For my friends in UP CW342—with heartfelt gratitude
Joy must have sorrow, sorrow must be transfigured in joy. —F. W. J. Schelling, Philosophical Inquiries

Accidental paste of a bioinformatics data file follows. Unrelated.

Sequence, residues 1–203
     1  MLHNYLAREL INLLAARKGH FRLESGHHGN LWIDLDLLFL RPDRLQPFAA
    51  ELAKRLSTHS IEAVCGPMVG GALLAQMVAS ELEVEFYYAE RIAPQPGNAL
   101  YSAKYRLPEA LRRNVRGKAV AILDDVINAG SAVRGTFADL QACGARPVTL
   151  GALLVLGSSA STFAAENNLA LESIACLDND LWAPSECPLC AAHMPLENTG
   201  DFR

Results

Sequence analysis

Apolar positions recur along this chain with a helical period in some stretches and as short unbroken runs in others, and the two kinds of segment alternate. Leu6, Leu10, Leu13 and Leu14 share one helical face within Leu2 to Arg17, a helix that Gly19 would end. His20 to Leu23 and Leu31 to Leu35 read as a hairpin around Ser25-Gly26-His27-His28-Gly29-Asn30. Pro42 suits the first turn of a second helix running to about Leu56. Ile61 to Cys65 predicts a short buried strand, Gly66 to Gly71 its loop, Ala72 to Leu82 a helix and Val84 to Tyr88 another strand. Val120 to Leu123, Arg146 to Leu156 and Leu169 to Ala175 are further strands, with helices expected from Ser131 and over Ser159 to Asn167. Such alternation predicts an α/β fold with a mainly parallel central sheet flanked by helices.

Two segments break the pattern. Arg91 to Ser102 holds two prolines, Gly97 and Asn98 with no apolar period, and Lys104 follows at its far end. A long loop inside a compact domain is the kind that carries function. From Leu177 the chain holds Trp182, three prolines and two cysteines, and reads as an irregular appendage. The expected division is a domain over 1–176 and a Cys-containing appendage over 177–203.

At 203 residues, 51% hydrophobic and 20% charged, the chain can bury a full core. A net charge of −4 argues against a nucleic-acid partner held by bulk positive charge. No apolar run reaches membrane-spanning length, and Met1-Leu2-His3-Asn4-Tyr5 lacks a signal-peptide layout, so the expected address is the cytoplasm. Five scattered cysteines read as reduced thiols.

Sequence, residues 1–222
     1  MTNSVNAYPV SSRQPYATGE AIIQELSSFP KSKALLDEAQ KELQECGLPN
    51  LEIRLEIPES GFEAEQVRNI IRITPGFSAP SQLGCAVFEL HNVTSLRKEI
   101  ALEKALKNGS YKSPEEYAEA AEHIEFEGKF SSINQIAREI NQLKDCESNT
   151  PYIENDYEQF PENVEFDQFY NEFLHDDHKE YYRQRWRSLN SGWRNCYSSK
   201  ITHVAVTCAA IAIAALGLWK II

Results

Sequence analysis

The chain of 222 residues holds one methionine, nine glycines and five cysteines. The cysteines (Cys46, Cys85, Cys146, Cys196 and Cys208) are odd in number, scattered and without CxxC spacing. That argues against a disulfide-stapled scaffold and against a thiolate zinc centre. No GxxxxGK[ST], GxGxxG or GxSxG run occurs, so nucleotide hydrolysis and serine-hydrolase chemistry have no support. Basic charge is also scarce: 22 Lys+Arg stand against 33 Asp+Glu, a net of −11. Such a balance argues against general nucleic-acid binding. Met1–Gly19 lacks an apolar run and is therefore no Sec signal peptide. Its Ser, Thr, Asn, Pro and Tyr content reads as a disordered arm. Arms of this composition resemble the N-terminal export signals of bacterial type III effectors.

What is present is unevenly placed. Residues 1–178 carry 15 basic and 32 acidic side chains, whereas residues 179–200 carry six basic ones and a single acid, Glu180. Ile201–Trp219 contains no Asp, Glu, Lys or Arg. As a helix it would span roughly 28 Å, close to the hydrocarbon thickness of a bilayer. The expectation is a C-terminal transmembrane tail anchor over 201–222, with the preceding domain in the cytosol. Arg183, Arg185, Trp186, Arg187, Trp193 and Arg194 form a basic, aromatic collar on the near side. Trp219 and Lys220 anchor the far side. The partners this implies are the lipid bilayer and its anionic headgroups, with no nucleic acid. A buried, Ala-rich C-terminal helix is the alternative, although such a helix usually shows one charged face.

A wise man said that Venice is lovely not because Venice is lovely but because of the lovers who love there. There is meaning to this. The world and its beautiful landscapes, its hidden spaces of inescapable grandeur, its quivering sunsets which retrospectively judge that each day be different from the rest, and its, in a word, meaning, are not holographically, as if vainly, projected by themselves, but can only come to mean something—anything—because of the love that they contained. Places, events, that is to say, this world of angry rocks and indifferent terrains, this world of passing seasons, life and death, merely frame the love that can only be born out of itself; they do not make love, but they sustain and bear—witness to?— love. The world first marks itself as the free horizon against which a possible love may be.